The Global Gag Rule is US policy which forbids NGOs (Non Governmental Organisations – for example, health charities) from taking part in certain activities if they receive US funding.

These activities include providing abortion care directly. But it also includes referring pregnant people to abortion services, simply providing them with information about abortion, or campaigning around legal reform in this area.

So NGOs (Non-Governmental Organisations) that want to receive US funding are effectively ‘gagged’ from working in abortion care – hence the name.

This policy was originally called The Mexico City Policy and was first introduced by the then President Reagan in 1984. Under the Mexico City Policy, the ‘gag’ applies to all of the work that an NGO does. For example, an organisation cannot use funds from another source to fund work in abortion care.

How big a deal is this? Well the US provides a huge amount funding to overseas NGOs. The US can be a major source of funding for NGOs. The Global Gag forces them to balance the importance of abortion care with the need for financial stability.

In addition to this, US culture and political ideology is hugely influential around the world. This is true, even if you are living in a high income country which doesn’t rely on overseas funding from foreign powers, like the UK.

The US position on abortion care is really important right now, at a time when some countries are rolling back on abortion laws – for example in Poland.

Remember, the WHO (World Health Organisation) recognises that abortions are both incredibly common and also continue to take place where they are not legally allowed – but in unsafe conditions.

So why are we talking about the Global Gag Rule at this particular time? Well, since it was first introduced this policy has been removed and reintroduced several times. There has been a pattern of Presidents from the Democratic Party to overturn the Global Gag Rule, and for it to be reinstated the next time a Republican President gets in to power.

The outgoing US (Republican) President – Donald Trump – is noted to have reinstated the Global Gag Rule. In fact, some people say that his version of the Mexico City Policy made it even more restrictive – for example by making it apply to all of the global health assistance funding, not just that set aside for family planning.

Many people hope that new US President will, as the pattern has been, remove the Global Gag Rule and allow NGOs to be supported in providing essential health care. At the time of writing this, there is an international petition to call on him to do just this.

Posted in Anatomy, SRE

Lark in A Park

As well as facilitating Sex Ed workshops in schools for the last month, I’ve been involved in a few events aimed exclusively at adults.  Although the style of presentation has been different, these have all involved using an arts & crafts or D.I.Y approach.  These events reaffirmed my belief in this as a particularly good medium for exploring personal issues in a fun, engaging and accessible way.

The first was a ‘genital making’ workshop, hosted by the Candid Collective.  Adapted from an activity used to teach children about anatomy, puberty and health, this saw us showing adults how to make vulvas and penises with air drying clay to then be turned in to fridge magnets!  Held in a cosy upstairs room of a pub in South London, it had a very different feel to the classroom and was lots of fun.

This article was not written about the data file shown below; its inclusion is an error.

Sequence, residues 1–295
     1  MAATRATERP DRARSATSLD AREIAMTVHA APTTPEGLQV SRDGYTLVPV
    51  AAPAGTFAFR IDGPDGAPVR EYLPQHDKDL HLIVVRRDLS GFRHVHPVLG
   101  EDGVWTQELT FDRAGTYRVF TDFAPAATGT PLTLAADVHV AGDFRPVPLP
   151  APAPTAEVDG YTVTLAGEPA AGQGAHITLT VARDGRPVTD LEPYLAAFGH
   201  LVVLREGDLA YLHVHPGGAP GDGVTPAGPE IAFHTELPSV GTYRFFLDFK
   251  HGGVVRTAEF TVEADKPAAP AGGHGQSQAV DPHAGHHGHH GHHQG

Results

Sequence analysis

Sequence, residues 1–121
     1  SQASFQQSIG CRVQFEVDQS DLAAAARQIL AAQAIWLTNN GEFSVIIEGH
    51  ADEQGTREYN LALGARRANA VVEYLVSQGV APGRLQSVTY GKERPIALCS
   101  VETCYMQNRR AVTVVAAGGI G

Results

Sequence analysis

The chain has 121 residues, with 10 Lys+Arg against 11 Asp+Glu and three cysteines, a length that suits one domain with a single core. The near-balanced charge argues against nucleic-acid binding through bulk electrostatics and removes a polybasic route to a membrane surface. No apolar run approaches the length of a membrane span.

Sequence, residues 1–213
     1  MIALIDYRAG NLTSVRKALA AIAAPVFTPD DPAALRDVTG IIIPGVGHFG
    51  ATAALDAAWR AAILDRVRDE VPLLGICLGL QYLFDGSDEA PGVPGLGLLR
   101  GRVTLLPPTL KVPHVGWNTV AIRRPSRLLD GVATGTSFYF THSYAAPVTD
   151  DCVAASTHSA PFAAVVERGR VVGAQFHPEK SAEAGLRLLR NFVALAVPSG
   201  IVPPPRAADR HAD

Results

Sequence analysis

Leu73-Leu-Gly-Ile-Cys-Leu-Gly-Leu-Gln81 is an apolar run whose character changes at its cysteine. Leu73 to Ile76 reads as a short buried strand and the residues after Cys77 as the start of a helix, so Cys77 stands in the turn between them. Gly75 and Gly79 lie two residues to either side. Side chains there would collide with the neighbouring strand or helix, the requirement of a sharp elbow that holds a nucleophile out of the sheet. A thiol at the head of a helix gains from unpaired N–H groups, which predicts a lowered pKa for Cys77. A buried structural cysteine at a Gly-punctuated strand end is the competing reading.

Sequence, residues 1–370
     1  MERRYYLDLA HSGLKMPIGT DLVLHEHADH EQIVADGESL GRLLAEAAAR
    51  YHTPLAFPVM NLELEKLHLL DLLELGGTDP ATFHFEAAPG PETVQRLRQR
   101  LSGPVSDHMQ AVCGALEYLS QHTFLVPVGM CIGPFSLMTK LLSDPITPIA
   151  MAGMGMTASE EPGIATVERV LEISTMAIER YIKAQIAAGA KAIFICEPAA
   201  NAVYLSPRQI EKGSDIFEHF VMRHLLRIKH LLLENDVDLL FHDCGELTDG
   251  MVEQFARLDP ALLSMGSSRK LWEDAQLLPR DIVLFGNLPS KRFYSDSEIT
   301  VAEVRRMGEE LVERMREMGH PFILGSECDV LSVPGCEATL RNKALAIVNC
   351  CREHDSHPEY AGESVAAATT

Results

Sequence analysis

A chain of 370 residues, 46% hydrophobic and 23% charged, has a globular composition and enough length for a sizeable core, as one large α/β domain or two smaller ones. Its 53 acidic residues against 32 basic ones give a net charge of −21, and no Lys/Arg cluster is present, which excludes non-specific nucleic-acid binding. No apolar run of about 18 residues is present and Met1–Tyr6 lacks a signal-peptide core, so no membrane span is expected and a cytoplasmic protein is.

The second was a talk for the antiuniversity lecture series – in which a group of us took to a local park to talk about arts and craft as a medium for discussing bodies and our own experiences of sex ed.  This culminated in making a ‘zine page about some of the issues that had been brought up.

There are a couple of future crafting themed sex and relationship events (in London) for adults that you may be interested in:

Thanks to Lisa, Leah, Adam and Bel for the images!

 

 

 

Posted in Genitals: A User's Guide

Trouble Down Below

**TW:  mentions of rape**

There are a wealth of products designed specifically for genitals.   Some for aesthetics, some for convenience, some for hygiene, some for pleasure.  It’s certainly true that there needs to be less stigma around products to help with basic bodily functions and/or sexual pleasure.  Take the stigma surrounding period products for example – literally decades of advertising aimed at showing us how unacceptable and dirty periods are.   However, not all products are equal.  Some things that are sold to help your genitals are unnecessary or problematic.   Here are four of (what I think are) the worst!

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Femfresh (other brands exist). 

Femfresh is a range of products for ‘feminine hygiene’ – e.g. washes and scented wipes.   The vagina is self cleaning and the only thing you need to use to keep a vulva clean is warm water and unscented soap.  However Femfresh and its ilk push an agenda that they are vital, with their vagina friendly pH balance giving them the edge over soap (which is the same for water, which is free and comes out of the tap).  The Femfresh website promotes the products using a smiling face of a gynaecologist, ‘Dr Sara’, with a list of advice on how to ‘care for down there’.  Much like the period adverts, euphemisms abound – the implication being that your vulva is smelly and dirty and only buying this type of product can fix that.  The branding is phenomenally successful.  As a facilitator for Sex Ed classes to young people, I am often asked about this product, by name.  It can be quite difficult to assert that it is unnecessary and a person’s genitals are completely normal and healthy in the face of such advertising and branding.

 

Vaginal Douches